Skip to content
Jul 31 / Scott

Wood Type from maple logs, the results

strapped cart of maple slabs

On Monday I couldn’t wait to see how the cart of maple slabs were drying. When I left on Friday the over 200 half slabs on the cart were still frozen. They were sticked with 3/4 by 3/4 inch pine strips all running the length of the cart. This arrangement allows the air to circulate through the stack, and supports the drying wood.

A sawyer friend told me that this was the minimum size. Most sticks used in air drying wood are 1 inch square rough wood, usually pine. He also stressed that I should never use particle board or plywood strips to air dry wood. When you air dry long boards, they usually stack cement blocks on top of the final layer to keep the wood flat as it dried.  I ran long 2 x 2 pine boards on top and used hold down ratchet straps both directions. The wood cart looked like a big wooden Christmas present.

I had wrapped the entire load in heavy, clear plastic with the ends open to allow the air from the two big box fans to flow down the length of the cart  to thaw the wood and carry off the moisture.  I had done the same procedure with a cart full of walnut half slabs the summer before as an experiment. They were were wet, but not frozen and I used a small desk fan on low setting, 4 hours every other day to very slowly dry out the walnut. The entire load dried without a crack or “check.” If it worked for the walnut, why not the same for the hard maple.

WRONG! The 2 big fans had been running on medium for 3 days straight while I was out of town,  I had reasoned that the maple slabs were frozen solid and very wet. They needed lots of air to jump start the drying process. Big mistake!

When I removed the two big fans and the plastic sheeting I wanted to cry. I could already see the entire top layer was not cracked into big pieces like firewood, but full of hundreds of micro-cracks, crossing the rings in small segments. The half slabs would be useless as future wood type. If the slabs had just cracked in half, I could still have slow dried them and still used the maple.  It just got worst and worst as I pulled the ruined maple off the cart and threw it into a pile by the shop door.  Every layer was the same.  The pile of ruined wood got bigger.  I threw them harder.  I was mad at myself for rushing the process and wasting the best part of the maple logs.

I still had some of the maple half logs outside the door under a tarp. All was not lost. I was surprised to find that the logs were still frozen after 5 days in the sun. Wood is a good insulator. I called some friends who knew what I was doing and they showed up to help me start over and finish cutting 204 new frozen slabs. The new bi-metal bandsaw blade was still sharp after over 400 cuts.

I reloaded and sticked the cart  with the replacement pieces. The new slabs were strapped and the cart covered with plastic sheeting. However, this time I took a small 6” desk fan, built a defuser to help spread the air out over a larger area, and ran it only on low. I moved the 1,000 pound cart to a storage room and started the drying process.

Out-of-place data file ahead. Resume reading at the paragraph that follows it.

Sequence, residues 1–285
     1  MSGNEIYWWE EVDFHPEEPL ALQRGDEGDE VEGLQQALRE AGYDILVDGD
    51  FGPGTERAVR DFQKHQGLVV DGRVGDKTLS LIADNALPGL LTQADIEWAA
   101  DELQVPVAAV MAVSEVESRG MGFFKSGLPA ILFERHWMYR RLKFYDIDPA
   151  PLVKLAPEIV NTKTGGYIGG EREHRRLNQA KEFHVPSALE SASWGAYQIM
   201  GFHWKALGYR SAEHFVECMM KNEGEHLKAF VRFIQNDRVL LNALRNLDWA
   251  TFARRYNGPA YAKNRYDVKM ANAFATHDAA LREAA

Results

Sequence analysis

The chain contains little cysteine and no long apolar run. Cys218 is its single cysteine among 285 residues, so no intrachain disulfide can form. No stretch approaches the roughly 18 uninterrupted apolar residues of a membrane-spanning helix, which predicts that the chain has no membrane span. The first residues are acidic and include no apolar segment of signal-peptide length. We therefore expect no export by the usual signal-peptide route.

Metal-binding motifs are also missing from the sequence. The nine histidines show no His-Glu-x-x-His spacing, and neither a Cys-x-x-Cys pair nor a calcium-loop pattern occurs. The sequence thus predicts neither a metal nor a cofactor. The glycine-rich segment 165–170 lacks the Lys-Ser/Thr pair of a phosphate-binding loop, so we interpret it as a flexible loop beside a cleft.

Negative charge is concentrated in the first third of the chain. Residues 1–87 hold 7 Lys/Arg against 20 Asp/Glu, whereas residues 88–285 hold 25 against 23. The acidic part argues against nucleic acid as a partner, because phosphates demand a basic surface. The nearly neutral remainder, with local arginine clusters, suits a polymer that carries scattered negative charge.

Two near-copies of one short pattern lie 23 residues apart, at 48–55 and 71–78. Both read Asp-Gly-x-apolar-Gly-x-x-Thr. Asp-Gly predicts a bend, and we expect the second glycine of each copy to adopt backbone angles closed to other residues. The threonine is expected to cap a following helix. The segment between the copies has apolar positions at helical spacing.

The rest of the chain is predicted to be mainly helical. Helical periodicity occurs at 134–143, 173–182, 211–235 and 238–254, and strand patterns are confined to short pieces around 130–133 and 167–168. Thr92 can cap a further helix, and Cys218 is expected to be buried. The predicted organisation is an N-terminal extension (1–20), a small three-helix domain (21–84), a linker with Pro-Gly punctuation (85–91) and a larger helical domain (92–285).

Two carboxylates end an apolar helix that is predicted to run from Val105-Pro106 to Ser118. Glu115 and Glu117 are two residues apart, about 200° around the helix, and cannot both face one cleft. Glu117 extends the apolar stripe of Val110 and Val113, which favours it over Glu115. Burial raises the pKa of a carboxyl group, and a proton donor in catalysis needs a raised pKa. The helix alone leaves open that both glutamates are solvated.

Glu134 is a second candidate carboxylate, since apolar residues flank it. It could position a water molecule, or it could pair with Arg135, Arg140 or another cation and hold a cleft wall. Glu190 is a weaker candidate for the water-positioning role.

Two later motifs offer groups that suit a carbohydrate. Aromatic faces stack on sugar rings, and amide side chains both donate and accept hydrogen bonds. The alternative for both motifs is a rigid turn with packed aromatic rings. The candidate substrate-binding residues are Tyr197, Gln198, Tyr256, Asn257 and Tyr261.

I used the same schedule as I did for the walnut.  4 hours on low every other day, alternating the fan position high and low on the end of the stack, and switching ends every week. I later incresed the schedule to 4 hours on low every day.

The air that flowed out of the other end of the stack was moist and smelled like sour apples. I have no idea what the smell means, but I know different woods have different odors. Wet poplar logs I slabbed to air dry several years ago smelled like a floral shop, and cutting old oak smells like musty fruit.  The smell went away as the wood dried. Maybe some additional research at  Two Rivers or Norb can answer that question. Two months later I trailered the cart of maple home to finish drying in my garage.

In case you are wondering how it is going, I pulled a few loose pieces out of the stack last week. To my joy, after a total of 7 months of slowly drying in my garage without  the plastic sheeting, and still strapped to the cart, the maple was not cracked or checked. I had left the bark on them as instructed by Jim Moran, and they had compressed along the bark edge (like slightly closing an open Japanese paper fan) about 8 percent. Lots of usable wood for future type.

My experiment showed that you can actually cut hard maple wood wood for type from that tree in you have been watching get bigger in your back yard.  Good luck if you want to try. E-mail me if you need any advice or want more instruction. I will set up a Flicker page with lots of process photos.  I am already trying to get my wife use to the idea of two carts of maple this next winter.  –  Scott

 

3 Comments

leave a comment
  1. David Wolske / Aug 2 2011

    You are a patient man, Scott. Keep up the good work! Once you’ve mastered this you’ll be unstoppable!

  2. Akemi N. / Aug 17 2011

    Hi,

    I heard about you through Don Black. He talked about you and your daughter when we visited them in FL so I looked you up finally.

    It’s amazing what you are trying to accomplish! I know of others creating wood type but I think you are the only one trying to do the whole process from log to finished type.

    I’m eagerly awaiting your next posting.

  3. Casey / Dec 13 2011

    Great process story and learning curve. You do have patience.

Leave a Comment